Good Mourning


It is difficult to make the case that there is anything good about loss, for loss creates a wound. There is, however, very much a thing we might call, 'good healing.'


Let's first bring our attention to the concept of loss. One can fairly say that loss is built into the fabric of life. We lose our childhood, and eventually our parents. If we life long enough we will lose our spouses and many friends. Such loses are an inevitable part of the cycle of life.


Of course there are also brutal, unfair losses, such as the death of a child or a young soldier in battle, or outrageous events coming from murder or calamitous accidents.


We in the business of mental health not infrequently accompany patients as they are dealing with loss. Fortunately, there is much we clinicians know that can help our patients.


First, let me say that we never 'get over a loss.' This is something that should be explained to our patients as a means of showing respect for the gravity of what they are going through. Rather, I explain to my patients that it is more realistic to think of digesting a loss. An analogy to reckless eating in not inappropriate: on a Thanksgiving day when one has eaten too much, the bolus of food within feels foreign, almost painful. Slowly, as the hours pass, the food becomes integrated into the self and and one begins to feel normal, hopefully even well nourished.


Loss creates a wound, mourning is wound healing. Because loss is universal, our psyche has the means to naturally heal from psychological wounds, just as our bodily self does so with physical wounds. The process takes time and can be painful, but absent factors that might interfere, the process proceeds in a spontaneous way. We know that bacteria hinders physical wound healing so we keep our wounds clean, and if necessary, we"sometimes apply antibiotics to hasten the healing process. Let's use such a parallel to consider psychic wounds.


The mourning involves the relinquishing of an attachment to someone we love. Despite the pain, there is something beautiful in this process because the energy of the attachment doesn't simply go away. In cases of healthy mourning the attachment reinvests itself to the bereaved in a way that can promote growth. A part of the energy of the former relationship also reemerges directed toward others.


I like to remind patients that loss is like a coin. One one side is the brute pain of immediate loss. On the other side is love, the comfort of which, early on, is smothered by the acute pain of the coin's dominant painful side. Yet, as mourning unfolds, one begins to experience more and more a positive resonance with the love imbedded on the comforting side of the coin. Successful mourning promotes our development.


I encourage my patients to not be afraid of their pain because the pain is a reflection of their love. To not run from the pain is a way of honoring the lost love one.


Having given a sketch of healthy mourning let us now look at elements that can create interference.


Paradoxically, one destructive element is a history of conflict with the lost love one. Bitterness or disappointment in a relationship can act like sand in a psychic wound. The reasons for this are that people often find negative feelings toward people they love unacceptable, so they suppress awareness of these feelings. Suppression of feelings almost always creates a kind of stagnation. The psychology of all of this can be quite complicated and is related to a second irritant in the wound of loss, that is, a narcissistic attachment to the lost one.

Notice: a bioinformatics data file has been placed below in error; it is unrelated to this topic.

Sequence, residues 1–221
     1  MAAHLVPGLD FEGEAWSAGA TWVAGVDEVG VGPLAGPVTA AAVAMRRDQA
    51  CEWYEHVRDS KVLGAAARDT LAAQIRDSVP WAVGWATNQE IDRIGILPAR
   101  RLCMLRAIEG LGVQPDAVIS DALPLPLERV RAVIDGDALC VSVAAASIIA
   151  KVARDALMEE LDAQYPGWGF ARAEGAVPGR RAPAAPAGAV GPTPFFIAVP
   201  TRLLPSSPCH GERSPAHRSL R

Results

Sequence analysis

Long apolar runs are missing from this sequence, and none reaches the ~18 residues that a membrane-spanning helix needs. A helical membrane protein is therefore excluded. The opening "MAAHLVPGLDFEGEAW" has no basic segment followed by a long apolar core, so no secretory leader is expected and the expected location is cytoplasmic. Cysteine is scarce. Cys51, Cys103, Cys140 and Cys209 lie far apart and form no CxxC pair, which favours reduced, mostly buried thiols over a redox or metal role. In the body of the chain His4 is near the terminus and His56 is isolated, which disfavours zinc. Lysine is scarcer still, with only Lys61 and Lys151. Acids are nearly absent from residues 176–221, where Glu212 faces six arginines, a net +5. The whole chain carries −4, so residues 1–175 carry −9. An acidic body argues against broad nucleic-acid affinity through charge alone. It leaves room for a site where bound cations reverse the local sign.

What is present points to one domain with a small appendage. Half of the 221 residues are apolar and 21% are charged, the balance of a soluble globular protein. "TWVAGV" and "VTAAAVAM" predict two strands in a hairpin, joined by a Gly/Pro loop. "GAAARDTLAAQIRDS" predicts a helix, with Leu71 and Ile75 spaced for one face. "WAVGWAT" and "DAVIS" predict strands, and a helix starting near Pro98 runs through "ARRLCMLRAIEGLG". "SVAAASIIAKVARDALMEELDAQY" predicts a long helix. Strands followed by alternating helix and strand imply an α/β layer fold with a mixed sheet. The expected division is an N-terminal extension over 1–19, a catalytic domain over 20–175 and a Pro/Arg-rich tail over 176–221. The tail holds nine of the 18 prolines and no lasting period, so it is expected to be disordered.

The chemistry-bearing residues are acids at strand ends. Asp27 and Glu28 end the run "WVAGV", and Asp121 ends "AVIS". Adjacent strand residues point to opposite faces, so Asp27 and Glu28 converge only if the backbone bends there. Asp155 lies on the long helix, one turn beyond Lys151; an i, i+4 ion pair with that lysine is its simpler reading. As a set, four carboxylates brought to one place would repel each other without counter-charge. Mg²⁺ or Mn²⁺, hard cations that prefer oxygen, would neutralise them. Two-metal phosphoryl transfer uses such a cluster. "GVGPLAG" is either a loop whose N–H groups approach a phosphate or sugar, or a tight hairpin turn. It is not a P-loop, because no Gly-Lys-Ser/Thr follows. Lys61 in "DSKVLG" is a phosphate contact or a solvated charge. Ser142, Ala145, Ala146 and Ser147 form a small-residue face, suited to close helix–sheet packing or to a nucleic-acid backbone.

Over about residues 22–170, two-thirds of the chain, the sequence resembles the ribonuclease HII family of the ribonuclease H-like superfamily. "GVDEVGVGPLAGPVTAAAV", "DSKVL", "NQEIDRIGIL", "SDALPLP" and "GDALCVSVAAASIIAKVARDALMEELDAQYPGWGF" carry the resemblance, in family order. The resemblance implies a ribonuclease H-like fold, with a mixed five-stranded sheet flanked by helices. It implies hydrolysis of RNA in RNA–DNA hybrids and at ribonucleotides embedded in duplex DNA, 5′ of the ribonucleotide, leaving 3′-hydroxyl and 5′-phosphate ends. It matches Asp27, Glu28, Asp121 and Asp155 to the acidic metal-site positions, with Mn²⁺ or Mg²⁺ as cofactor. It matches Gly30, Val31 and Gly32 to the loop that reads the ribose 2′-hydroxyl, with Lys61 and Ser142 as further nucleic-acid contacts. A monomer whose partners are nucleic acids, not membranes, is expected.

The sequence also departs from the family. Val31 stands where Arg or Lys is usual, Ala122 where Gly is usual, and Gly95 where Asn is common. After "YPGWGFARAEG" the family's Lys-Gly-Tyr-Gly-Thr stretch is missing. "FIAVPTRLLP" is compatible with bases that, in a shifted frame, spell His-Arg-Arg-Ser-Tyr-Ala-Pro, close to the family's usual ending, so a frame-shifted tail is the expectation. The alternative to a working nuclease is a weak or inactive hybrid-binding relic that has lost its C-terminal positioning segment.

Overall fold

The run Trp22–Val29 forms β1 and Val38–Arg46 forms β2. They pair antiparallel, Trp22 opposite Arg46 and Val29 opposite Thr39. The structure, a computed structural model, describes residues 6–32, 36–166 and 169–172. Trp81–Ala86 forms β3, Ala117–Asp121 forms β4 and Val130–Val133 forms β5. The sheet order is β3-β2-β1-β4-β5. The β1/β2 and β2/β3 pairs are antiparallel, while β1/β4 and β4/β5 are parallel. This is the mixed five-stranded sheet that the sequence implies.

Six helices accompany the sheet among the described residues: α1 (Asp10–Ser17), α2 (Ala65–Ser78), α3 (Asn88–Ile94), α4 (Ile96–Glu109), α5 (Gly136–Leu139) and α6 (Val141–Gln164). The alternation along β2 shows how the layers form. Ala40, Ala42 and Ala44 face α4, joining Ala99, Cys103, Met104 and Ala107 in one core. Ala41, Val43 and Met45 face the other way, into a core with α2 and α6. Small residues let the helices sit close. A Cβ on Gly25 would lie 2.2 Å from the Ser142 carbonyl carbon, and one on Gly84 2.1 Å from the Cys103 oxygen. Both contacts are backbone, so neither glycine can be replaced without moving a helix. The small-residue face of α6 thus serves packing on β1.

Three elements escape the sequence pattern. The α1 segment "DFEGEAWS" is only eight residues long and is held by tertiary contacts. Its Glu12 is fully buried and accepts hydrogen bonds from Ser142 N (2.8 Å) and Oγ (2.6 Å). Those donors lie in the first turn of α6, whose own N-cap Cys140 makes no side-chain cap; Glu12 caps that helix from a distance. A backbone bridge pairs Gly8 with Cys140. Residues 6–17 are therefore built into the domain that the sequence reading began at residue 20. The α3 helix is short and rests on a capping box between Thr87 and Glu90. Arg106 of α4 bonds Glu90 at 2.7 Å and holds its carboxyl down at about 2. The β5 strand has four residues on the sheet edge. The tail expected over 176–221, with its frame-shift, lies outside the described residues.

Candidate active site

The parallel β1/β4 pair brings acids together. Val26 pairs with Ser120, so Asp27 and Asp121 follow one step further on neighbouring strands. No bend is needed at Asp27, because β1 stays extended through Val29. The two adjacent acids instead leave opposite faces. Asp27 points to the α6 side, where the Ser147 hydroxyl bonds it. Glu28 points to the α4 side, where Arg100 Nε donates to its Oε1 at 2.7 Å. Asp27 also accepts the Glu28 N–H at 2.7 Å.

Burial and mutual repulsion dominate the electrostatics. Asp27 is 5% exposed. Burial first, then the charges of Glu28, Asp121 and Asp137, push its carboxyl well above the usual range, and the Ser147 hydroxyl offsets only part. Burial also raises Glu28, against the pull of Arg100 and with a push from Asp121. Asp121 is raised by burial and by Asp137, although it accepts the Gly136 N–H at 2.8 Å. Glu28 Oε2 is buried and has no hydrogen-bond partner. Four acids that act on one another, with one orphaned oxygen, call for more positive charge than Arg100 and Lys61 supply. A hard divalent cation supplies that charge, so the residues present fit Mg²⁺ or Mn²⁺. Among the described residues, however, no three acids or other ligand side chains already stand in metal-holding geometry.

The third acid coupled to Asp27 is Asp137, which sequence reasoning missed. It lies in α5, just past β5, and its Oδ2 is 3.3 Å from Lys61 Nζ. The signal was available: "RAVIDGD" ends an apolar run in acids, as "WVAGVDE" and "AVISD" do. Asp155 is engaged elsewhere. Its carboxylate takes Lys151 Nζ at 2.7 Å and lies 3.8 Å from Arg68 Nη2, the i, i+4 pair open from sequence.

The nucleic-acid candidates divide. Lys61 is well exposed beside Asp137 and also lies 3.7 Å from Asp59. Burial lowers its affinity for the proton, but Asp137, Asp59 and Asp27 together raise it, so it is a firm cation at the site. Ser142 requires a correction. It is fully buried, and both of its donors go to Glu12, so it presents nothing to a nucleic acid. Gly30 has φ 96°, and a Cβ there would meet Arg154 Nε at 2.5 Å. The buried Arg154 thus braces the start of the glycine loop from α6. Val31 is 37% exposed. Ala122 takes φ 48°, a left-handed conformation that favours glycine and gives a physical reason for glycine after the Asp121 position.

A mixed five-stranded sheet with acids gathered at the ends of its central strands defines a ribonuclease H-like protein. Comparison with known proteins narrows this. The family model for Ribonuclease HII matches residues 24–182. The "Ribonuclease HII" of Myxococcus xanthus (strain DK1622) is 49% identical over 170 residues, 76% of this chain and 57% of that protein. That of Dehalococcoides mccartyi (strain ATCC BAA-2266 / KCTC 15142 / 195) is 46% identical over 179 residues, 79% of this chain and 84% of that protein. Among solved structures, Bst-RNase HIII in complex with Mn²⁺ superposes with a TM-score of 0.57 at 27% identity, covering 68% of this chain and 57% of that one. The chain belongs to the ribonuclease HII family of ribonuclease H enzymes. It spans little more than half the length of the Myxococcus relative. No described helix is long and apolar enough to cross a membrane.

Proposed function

We need to digress for a moment and deal with the term 'narcissism.' The conventional meaning refers to a person is who is blustery, exploitative, and self centered in a way that is harmful to others. Such narcissism certainly exists, but we lose track of the fact that there is a normal level and quality of narcissism that is a part of every healthy psyche. One can look at healthy narcissism as being akin to the nucleus of an atom. Though spatially small the nucleus defines the atom's identity. Narcissistic elements to the personality are self-centered to be sure. However, the self involves essential aspects of our being: identity, core values, and self protection. Because these facets are so important to who we are we can fairly say that narcissistic elements of the self are non-negotiable.


So if the person we have lost is somehow linked with a narcissistic core that is unhealthy it greatly complicates the mourning process because the energy that was attached to the lost one boomerangs back to the self at such a core level that it becomes frozen in the psyche. The loss becomes undigestible. Children experiencing loss can often be troubled by such complications as can dependent adults.


Clinically one can guess that there is a such a disturbance because these patients will appear stuck in their loss, unable to process their pain in a constructive way. We clinicians then must dig down, scratch our heads, and identify what is interfering with the natural unfolding of mourning.


Sometimes it is as straightforward as identifying and helping patients with practical concerns that threaten the patient's sense of basic security, such as financial issues. In other cases, especially when there is a troubled relationship to the lost one, or problematic narcissistic ties, the psychological work can be complicated.


The silver lining to the dark cloud of inevitable loss in life is that healthy spontaneous mourning not only leads to the healing of a psychic wound, but it can often contribute to personal enrichment.


Psychotherapy is ideally suited to facilitate such outcomes, and medications, if applied in a way that respects the complicated psychological issues that are at play, can also have a constructive role.










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